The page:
It was like the effect of some great orchestra when all the separate notes have melted into one swelling harmony that leaves the listener conscious of nothing save his soul being wafted upwards, and almost bursting with its own emotion. The perfect stillness of the night was thrilled by a more solemn silence. The darkness held a presence that was all the more felt because it was not seen. I could not any more have doubted that He was there than I was. Indeed, I felt myself to be, the less real of the two’.

In explaining the significance of the event, it is clear that the man was never the same again. It led him to a true idea of God and the highest faith. He speaks of standing ‘face to face’ with God and of being ‘born anew of his spirit’. That is what Christmas is all about for each one of us. For a few moments, we come face to face with the living God in the form of a tiny baby and are born anew. ‘The Grace of God has appeared, bringing salvation to all’.

Christmas is a time of year that is happy and sad, it is a time when we hopefully pause for a few days, from all the busyness, and for many the stresses of our lives.  Normally we celebrate with loved ones sharing our culture, tradition and something that is deeply special, as we like Mary and Joseph and the shepherds are called to see God in the world.  If we would but pause we would also realise that God is within each one of us, as an orchestra where all the separate notes have swelled into one perfect harmony.  It is through these moments on this most special day that we shall experience God face to face. Many say that the Resurrection was the greatest act of God, but without this little tiny baby there would be no purpose, no future to hope for.

I leave you with a few verses from Tintern Abbey by Wordsworth:

‘And I have felt… a sense of sublime     Of something far more deeply interfused

Who dwelling is the light of setting suns,     And the round ocean and the living air,

And the blue sky, and in the mind of man:     A motion and a spirit, that impels

All things, all objects of all thought,        And rolls through all things’.

The Bishop of Liverpool shared a poem with me a couple of days ago and I’d like to finish with the beautiful words to ‘Mary did you know….’ Lyrics by Jennifer Henry:

Mary did you know,                                         Mary did you know,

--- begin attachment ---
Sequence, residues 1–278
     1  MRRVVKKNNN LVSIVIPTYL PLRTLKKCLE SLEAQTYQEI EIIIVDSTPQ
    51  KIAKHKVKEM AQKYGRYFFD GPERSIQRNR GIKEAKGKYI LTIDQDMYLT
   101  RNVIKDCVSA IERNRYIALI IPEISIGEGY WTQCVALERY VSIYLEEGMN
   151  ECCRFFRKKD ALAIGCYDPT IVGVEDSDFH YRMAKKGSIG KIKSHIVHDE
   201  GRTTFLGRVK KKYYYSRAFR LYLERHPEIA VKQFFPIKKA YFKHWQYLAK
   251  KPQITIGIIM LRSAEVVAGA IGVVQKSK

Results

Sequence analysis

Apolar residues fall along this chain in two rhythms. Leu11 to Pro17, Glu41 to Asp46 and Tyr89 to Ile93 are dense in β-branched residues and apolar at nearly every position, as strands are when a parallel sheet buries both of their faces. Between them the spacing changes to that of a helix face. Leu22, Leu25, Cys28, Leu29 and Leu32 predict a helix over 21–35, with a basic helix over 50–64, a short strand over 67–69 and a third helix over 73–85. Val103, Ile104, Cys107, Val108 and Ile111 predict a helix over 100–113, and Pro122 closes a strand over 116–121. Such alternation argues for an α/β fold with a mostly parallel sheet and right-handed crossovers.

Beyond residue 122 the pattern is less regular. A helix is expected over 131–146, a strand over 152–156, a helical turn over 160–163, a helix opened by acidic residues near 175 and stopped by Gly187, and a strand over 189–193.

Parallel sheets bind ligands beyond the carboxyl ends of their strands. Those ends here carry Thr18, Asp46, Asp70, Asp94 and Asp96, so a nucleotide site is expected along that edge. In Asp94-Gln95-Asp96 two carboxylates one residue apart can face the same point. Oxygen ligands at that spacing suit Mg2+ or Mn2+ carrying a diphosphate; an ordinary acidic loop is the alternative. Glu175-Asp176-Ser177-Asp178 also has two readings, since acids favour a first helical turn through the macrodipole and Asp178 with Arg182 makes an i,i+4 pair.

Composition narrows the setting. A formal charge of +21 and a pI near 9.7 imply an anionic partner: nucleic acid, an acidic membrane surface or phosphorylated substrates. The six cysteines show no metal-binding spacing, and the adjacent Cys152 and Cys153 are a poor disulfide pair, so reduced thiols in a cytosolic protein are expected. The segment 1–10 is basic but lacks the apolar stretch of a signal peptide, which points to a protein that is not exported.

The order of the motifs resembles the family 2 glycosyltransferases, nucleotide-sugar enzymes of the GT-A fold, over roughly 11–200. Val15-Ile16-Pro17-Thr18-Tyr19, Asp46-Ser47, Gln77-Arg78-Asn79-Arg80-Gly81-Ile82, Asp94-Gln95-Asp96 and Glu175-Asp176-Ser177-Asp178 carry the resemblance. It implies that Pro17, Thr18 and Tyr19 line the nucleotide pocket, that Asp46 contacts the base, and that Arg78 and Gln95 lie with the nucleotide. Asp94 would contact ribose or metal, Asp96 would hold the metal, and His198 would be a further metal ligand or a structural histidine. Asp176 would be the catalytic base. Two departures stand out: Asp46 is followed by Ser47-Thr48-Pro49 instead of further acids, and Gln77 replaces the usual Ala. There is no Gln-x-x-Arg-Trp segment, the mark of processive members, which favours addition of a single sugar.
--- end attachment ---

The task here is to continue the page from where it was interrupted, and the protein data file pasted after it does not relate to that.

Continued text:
That your ancient words                                  That your spirit song

Would still leap off our pages?                         Would echo through the ages?

Did you know that the holy city would be a subversive word,

That the tyrants would be trembling when they know your truth is heard?

Mary did you know,                                         Mary did you know,

That your lullaby                                              That your song inspires

Would stir your own Child’s passion?                The work of liberation?

Did you know that your Jubilee is hope within the heart of all who dream of justice, who yearn for it to start?

The truth will teach, the drum will sound, healing for the pain

The poor will rise, the rich will fall. Hope will live again.

Mary did you know,                                         Mary did you know,

That we hear your voice                                   Your unsettling cry

for the healing for the nations?                         Can help renew creation?

Do you know, that we need your faith,              May the God that you believe in,

The confidence of you,                                    Be so true.

May this be our prayer this Christmas:

O holy Child of Bethlehem
Descend to us, we pray
Cast out our sin and enter in
Be born to us today.
We hear the Christmas angels
The great glad tidings tell
O come to us, abide with us
Our Lord Emmanuel

May I wish you all a very happy Christmas and a peaceful and safe 2021. With Best Wishes.

The Very Reverend Jeremy Crocker